Cultural Learning Experiences in Germany: Food and Language

Jesse Imanse
Sales and Business Marketing
University of Paderborn in Paderborn, Germany
Spring Semester 2016

Traditional German cuisine is delicious and quite easy to get used to. I have had to show some restraint as there are lots of potatoes, bread, sausage and other meats. Not the best if you are planning on improving your physique while you are here, but there is a lot of good grub to be experienced. To be fair, fresh vegetables can be found with ease at a fraction of the price of the United States (and without genetic modification). It is more affordable to eat healthy here and the amofood 1unt of walking food 2that the average person does promotes good day-to-day health habits. The university also has a Mensa (a subsidized cafeteria) where one can eat like a king for only a couple of euros. They have actual chefs that prepare a wide variety of foods from vegan and gluten free all the way to meatloaf and schnitzel covered in gravy.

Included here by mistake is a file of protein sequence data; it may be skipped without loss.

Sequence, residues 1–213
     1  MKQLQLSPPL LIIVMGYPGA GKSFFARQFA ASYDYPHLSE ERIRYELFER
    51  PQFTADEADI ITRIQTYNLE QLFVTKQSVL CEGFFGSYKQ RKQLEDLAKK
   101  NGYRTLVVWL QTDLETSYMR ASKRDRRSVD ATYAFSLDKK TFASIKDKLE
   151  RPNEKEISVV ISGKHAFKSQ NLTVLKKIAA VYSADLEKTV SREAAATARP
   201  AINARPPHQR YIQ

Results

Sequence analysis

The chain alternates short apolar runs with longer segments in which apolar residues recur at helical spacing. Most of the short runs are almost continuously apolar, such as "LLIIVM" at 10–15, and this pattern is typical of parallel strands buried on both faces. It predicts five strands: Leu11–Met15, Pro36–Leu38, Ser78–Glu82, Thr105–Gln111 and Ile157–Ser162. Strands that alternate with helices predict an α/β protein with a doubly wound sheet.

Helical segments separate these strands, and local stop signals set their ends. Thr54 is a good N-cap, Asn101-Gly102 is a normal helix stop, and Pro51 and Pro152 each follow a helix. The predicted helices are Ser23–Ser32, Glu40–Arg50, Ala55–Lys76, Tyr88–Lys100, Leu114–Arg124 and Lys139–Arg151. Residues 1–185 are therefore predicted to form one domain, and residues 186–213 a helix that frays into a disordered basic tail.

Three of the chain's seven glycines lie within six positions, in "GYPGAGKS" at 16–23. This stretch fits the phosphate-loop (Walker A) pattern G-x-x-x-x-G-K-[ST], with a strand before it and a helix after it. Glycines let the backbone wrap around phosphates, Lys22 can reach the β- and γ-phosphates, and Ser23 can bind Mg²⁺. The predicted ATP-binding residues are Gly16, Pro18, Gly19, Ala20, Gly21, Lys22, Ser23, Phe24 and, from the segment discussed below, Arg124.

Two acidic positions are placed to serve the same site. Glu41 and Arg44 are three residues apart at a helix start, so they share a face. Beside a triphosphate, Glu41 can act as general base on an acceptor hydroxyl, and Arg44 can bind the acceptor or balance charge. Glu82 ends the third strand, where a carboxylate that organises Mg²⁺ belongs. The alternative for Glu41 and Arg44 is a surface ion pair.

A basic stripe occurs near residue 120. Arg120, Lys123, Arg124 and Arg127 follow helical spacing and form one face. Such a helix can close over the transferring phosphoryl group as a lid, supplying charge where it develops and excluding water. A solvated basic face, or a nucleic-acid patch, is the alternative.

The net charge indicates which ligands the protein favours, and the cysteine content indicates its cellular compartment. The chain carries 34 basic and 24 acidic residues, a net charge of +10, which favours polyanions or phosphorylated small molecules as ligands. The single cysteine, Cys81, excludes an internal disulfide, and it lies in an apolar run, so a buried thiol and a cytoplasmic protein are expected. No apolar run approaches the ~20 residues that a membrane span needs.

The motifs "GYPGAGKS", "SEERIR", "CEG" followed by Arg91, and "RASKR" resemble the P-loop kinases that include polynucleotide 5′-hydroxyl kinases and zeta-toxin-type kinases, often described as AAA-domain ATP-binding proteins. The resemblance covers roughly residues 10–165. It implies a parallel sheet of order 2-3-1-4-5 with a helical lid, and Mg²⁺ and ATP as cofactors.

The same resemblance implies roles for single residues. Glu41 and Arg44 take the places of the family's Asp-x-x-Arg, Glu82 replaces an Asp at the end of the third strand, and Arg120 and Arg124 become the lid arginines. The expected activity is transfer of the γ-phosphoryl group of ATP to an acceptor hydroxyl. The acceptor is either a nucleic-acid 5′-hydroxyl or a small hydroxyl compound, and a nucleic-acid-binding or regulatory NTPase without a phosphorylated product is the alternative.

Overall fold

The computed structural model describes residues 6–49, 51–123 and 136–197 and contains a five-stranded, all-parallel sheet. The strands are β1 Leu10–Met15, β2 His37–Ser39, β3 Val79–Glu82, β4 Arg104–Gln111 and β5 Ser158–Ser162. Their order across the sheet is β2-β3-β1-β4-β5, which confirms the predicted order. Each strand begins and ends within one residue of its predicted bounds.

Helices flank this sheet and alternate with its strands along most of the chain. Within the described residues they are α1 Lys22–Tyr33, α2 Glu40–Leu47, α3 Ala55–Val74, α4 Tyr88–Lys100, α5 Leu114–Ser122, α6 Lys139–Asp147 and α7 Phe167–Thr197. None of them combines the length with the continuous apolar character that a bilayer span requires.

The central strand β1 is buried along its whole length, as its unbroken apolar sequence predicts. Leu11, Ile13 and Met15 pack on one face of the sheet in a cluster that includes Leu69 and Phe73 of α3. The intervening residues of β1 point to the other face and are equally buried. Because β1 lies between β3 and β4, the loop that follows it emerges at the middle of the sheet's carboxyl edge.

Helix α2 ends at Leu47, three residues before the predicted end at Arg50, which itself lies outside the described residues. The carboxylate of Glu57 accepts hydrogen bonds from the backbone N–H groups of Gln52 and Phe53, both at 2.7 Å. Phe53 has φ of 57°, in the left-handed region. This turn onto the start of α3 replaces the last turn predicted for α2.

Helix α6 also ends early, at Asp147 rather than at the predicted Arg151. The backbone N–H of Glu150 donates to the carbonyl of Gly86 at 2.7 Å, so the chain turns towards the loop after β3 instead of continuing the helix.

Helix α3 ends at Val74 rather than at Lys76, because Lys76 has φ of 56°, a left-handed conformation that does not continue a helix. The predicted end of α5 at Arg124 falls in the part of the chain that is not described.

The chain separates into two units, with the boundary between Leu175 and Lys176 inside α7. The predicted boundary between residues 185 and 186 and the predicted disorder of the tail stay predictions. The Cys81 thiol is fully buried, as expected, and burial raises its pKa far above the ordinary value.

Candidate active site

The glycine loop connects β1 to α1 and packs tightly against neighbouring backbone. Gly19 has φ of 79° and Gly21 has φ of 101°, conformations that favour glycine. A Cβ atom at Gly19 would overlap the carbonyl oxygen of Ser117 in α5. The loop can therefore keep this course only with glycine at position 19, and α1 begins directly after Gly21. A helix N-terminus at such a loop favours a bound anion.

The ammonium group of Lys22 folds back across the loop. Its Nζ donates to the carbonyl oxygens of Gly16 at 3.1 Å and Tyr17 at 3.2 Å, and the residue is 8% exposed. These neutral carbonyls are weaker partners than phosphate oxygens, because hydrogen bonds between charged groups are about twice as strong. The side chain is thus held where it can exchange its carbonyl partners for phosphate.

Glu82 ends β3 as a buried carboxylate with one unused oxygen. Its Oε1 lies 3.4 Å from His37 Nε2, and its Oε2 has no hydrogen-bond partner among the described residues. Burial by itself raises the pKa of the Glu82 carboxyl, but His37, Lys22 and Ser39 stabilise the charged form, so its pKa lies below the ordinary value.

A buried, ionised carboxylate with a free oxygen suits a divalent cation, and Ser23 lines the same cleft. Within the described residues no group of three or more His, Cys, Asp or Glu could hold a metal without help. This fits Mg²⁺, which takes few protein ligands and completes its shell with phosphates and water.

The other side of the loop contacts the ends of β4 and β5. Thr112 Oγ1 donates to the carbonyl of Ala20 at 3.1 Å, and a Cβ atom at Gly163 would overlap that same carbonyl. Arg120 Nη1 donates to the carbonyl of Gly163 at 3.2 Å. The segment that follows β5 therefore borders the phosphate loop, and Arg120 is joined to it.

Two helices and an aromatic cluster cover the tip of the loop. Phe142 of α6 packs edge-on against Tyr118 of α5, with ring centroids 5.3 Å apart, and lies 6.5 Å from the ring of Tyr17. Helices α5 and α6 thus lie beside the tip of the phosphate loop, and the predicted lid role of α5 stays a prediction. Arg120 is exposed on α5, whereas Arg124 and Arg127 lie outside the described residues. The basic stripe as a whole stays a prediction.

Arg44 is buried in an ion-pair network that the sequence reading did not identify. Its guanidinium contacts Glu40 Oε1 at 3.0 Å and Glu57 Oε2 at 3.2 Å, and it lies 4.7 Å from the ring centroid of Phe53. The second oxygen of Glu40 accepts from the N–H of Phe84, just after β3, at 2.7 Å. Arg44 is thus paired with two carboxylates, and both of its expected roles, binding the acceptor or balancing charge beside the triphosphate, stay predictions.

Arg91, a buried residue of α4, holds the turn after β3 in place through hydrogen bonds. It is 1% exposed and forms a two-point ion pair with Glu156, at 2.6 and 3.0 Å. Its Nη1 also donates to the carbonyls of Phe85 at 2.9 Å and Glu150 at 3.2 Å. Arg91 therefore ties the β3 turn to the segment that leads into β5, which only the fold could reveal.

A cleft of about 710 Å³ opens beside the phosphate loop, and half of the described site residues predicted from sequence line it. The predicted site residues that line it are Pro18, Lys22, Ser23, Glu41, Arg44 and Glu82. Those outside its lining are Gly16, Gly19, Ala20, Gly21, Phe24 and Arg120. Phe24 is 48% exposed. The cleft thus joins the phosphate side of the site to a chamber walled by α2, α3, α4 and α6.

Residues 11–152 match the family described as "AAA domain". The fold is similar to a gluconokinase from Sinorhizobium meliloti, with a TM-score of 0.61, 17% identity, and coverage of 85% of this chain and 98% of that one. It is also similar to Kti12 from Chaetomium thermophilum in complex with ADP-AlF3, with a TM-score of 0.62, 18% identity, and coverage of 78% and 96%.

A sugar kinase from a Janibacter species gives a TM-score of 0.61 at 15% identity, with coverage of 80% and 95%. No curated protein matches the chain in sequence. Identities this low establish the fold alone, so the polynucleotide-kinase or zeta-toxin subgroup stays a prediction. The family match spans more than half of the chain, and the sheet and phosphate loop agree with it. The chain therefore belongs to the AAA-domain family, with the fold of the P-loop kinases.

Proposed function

On the left is traditional Indian and on the right is a whole fish served along side potatoes. While it may not be everyone’s cup of tea, seafood seems to be much more popular here as well. Needless to say, no matter what you like, experiencing new food dishes can be one of the most enjoyable ways to dig into a new culture. Whether that is a Turkish kebab stand in the city center or a high-end French restaurant, at least give it a try.


Most of Western Europe is quite proficient in English, and the Germans are no exception. Most everyone will be able to hold a conversation in English. Some of the older folks may not be able to speak English, but there are few communication barriers in Germany.

It can, however, be difficult to engage the Germans with their own language. The natural reaction for them seems to be to switch to English, but if you ask they will generally continue with German. If you are anything like me, you will probably make a few embarrassing mistakes with your new language but that is to be expected. Most recently, I wrote a note explaining that I would need to feed a dog but, I actually wrote that I had to go eat a dog.

All together, I would not say that communicating in Germany is an issue.


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